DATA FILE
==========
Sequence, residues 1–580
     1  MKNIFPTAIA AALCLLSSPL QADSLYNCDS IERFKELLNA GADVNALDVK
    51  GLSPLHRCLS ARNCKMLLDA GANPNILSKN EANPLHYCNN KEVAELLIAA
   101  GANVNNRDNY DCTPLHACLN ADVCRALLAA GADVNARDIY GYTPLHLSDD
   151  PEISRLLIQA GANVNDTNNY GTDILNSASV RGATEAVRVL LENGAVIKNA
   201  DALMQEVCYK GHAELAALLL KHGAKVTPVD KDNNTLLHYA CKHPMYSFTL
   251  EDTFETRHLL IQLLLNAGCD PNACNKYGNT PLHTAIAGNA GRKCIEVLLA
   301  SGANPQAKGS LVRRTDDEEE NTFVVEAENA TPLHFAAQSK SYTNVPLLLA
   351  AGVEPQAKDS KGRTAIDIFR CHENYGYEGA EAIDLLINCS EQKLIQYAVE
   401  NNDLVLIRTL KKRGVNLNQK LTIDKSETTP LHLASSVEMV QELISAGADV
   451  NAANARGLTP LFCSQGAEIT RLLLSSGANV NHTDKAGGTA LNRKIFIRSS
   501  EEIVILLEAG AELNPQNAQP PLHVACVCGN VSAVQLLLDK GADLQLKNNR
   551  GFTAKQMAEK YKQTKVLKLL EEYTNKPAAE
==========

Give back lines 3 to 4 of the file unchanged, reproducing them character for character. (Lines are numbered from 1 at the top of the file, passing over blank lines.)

    51  GLSPLHRCLS ARNCKMLLDA GANPNILSKN EANPLHYCNN KEVAELLIAA
   101  GANVNNRDNY DCTPLHACLN ADVCRALLAA GADVNARDIY GYTPLHLSDD